Poster Number 339
Tuesday, 7 October 2008
George R. Brown Convention Center, Exhibit Hall E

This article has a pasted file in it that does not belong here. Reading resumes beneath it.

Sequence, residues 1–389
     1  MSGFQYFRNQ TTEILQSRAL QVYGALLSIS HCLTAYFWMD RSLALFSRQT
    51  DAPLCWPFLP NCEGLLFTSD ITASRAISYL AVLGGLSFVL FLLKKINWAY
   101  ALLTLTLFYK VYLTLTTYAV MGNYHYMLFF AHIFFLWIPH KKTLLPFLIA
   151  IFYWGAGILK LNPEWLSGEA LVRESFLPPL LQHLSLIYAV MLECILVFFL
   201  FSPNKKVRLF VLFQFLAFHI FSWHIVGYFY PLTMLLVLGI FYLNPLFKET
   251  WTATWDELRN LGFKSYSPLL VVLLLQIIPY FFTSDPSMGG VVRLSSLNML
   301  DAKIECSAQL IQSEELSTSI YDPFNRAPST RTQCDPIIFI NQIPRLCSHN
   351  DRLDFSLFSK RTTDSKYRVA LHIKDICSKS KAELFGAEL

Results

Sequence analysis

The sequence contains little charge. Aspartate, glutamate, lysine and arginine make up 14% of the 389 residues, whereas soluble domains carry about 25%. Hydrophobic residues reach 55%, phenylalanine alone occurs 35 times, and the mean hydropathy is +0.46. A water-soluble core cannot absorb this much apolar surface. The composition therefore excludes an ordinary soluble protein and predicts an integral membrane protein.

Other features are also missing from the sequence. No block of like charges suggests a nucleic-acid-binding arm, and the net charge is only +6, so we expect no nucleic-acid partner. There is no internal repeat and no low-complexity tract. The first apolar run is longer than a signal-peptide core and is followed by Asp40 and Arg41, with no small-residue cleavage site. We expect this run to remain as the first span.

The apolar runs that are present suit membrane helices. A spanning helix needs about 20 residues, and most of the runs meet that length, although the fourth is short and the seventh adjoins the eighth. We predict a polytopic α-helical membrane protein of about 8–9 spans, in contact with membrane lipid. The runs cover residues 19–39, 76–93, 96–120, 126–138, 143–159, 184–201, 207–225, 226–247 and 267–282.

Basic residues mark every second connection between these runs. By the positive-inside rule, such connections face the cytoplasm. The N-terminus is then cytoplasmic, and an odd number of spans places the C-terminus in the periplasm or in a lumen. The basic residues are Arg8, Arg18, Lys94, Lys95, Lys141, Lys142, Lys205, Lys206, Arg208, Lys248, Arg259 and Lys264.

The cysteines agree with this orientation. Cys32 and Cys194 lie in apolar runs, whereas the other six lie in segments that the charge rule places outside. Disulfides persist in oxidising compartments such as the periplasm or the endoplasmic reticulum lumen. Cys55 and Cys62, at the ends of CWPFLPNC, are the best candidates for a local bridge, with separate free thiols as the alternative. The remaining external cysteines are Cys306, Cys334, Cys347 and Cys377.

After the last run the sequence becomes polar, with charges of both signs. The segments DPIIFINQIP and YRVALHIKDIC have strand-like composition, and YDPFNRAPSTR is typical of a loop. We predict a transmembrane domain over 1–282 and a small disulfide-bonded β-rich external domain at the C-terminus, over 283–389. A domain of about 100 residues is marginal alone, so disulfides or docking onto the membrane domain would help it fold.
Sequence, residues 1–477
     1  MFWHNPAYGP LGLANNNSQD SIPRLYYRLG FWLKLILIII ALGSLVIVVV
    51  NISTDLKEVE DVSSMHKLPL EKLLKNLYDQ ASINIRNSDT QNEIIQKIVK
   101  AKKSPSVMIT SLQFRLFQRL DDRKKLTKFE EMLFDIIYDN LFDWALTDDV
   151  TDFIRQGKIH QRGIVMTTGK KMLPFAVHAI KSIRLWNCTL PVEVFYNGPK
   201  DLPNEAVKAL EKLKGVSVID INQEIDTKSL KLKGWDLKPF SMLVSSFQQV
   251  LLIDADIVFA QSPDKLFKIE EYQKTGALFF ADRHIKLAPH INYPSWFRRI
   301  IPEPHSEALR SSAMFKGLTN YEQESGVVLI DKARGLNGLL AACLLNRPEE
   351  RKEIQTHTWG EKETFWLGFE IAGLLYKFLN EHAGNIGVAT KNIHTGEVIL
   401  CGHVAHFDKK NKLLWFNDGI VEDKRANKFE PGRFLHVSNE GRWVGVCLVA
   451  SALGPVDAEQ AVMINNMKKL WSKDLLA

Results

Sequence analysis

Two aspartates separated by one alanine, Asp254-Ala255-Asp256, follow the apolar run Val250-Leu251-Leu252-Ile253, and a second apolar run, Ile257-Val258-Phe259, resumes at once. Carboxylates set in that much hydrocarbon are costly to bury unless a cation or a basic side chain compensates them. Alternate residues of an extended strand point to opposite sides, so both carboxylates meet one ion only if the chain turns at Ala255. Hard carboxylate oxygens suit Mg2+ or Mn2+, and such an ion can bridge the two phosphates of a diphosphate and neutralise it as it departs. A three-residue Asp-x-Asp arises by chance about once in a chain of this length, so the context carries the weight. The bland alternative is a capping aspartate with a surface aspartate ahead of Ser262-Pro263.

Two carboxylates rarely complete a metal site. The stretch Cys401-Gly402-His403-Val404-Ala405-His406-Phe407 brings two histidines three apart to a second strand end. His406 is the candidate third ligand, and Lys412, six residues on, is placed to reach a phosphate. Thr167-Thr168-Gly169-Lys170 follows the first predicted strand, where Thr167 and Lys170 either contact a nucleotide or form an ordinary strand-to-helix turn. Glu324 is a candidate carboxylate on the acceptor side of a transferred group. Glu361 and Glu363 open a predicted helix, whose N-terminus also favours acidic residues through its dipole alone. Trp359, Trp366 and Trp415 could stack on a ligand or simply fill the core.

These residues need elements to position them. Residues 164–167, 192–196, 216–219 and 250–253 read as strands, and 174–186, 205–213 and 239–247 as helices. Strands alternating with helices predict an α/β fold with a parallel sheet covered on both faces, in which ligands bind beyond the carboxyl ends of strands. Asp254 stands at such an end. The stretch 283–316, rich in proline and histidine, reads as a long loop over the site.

The current study explores the impact of a group of developmental genes, known as the E gene series, on the rate of soybean leaf senescence. The experiment was conducted in a split-plot design with three replications. The main plots were two photoperiods imposed following R1; i) natural day length (Amb) and ii) incandescent day length extension of 3 hours (Amb+3). The split plots were five E-gene near-isogenic lines (NILs), planted on different dates to obtain synchronous flowering. Cultivars with the dominant E1 allele maintained functional photosynthesis for longer, such that full senescence was delayed by 10-15 days in these cultivars. This phenomenon was observed under both photoperiod treatments and irrespective of the genetic background (‘Clark’ and ‘Harosoy’) in which the alleles appeared. The dominant E allele may delay leaf senescence directly or indirectly, through its delay of reproductive development.